Female leadership matters. All other considerations aside, it results in better performance. Studies have shown that companies with greater gender diversity, not just among the workforce as a whole but specifically among senior leaders, are more profitable. So, one answer to the question “why is women’s leadership important in our world?” is simple: it gives us better results.
But when it comes to stepping into our power as leaders, it’s clear that we face some pretty big challenges.
If you’re a woman keen to have your biggest impact, here’s what you need to know.
Why is women’s leadership important in our world?
Let’s start with the basics: women leaders have a measurable impact on the bottom line.
In a 2015 report, here’s what McKinsey and co found: “In the UK, greater gender diversity on the senior executive team corresponded to the highest performance uplift in our data set: for every 10% increase in gender diversity, earnings before interest and taxes rose by 3.5%”
And yet, when it comes to representation of women in senior positions, we still have a long way to go. In 2018, Goldman Sachs undertook a report into gender diversity . Whilst noting the limitations on available data, they reported that “Women make up about 40% of all employees – but just 6% of CEOs.”
So why is this? And what can we do about it?
Why do we see fewer women in leadership positions?
Well, it won’t surprise you to know that the answer to this is complicated. We women are a diverse bunch and the individual decisions and choices we make – or have made for us – about stepping up to more senior roles are as unique as we are.
Still, in our experience supporting grassroots women leaders, there are some common threads.
One of them is the cultural paradigm. The social context most of us have been raised in continues to promote certain gender stereotypes.
Have a quick think now about what you consider “feminine” attributes.
When we ask participants in our programmes and training to do this they often share they’ve been surprised to uncover some very negative entrenched views.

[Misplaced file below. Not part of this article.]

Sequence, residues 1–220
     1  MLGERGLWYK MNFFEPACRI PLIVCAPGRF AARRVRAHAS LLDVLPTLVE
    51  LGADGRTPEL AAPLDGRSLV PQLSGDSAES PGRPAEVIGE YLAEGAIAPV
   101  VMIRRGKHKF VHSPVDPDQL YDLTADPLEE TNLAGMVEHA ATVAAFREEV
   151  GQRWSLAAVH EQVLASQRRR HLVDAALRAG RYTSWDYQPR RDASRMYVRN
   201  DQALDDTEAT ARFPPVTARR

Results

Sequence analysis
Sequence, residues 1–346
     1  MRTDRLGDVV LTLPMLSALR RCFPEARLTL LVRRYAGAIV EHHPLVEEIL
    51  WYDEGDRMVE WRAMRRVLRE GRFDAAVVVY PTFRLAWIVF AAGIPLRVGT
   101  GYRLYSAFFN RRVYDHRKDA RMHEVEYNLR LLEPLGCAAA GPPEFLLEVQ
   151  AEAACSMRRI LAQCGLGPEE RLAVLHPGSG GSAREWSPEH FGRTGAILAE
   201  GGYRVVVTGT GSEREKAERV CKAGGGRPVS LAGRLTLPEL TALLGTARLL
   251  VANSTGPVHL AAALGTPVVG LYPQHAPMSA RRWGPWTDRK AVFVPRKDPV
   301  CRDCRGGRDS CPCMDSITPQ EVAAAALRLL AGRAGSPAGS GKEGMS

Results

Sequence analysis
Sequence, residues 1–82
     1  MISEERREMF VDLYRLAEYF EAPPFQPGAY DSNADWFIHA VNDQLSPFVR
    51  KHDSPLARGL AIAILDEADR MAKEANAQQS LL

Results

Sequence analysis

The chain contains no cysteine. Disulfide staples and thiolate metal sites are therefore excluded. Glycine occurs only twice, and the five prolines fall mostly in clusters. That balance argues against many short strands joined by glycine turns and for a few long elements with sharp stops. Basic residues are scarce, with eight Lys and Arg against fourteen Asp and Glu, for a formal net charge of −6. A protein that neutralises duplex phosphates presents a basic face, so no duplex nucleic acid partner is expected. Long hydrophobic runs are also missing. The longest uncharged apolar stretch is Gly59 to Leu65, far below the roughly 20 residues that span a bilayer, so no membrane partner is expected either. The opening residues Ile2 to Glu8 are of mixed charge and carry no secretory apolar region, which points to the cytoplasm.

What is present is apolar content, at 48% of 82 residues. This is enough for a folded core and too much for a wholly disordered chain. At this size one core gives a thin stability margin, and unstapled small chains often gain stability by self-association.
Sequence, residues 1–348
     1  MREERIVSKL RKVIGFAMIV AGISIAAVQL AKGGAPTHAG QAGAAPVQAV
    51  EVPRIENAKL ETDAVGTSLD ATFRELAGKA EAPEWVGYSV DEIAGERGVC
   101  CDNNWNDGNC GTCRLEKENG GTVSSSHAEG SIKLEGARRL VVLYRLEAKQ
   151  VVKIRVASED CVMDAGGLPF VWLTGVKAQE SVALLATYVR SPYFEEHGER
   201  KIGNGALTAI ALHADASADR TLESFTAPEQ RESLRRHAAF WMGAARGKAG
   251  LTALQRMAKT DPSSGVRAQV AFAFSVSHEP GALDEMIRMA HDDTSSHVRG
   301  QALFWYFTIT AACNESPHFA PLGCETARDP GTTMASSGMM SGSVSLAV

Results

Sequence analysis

(Being told you “throw like a girl” or comments like “typical woman driver” spring to mind.)
When we hear these comments being made, we’re rightly outraged.
And yet however hard we try to resist them, they have an impact.
We internalize a certain set of associations with being a woman compared to being a man. That impacts our confidence when it comes to stepping into leadership roles.
This phenomenon is something the Goldman Sachs report picked up on.
“Women may be uncomfortable exhibiting more stereotypically “masculine” traits such as ambition and self-promotion in the workplace. They may fear a backlash if their behavior is at odds with prevailing gender stereotypes.
In fact, traits and behavior that are often rewarded in men may be seen as inappropriate, discomforting and perhaps ultimately counter-productive when demonstrated by women.
In colloquial terms, aggressive men may be perceived as being “go-getters,” while similarly aggressive women may be perceived as having “sharp elbows.” Closing the Gender Gap: Advancing Women in Corporate America, Goldman Sachs
When it comes to male and female leadership the playing field isn’t level. Leadership characteristics that accelerate the careers of our male colleagues can actually be seen as negative when applied to women.
So what’s the solution?
What can we do about it?
Changing our culture when it comes to gender stereotypes is a great place to start! As a parent, I’m passionate about ensuring the next generation isn’t raised with these outdated ideas of women and men’s roles and characteristics.
But I think we also have a real opportunity to change things right now when it comes to modelling what effective leadership looks like. With courage and confidence, it’s time to change not only the diversity among our leadership teams but to create a new form of leadership.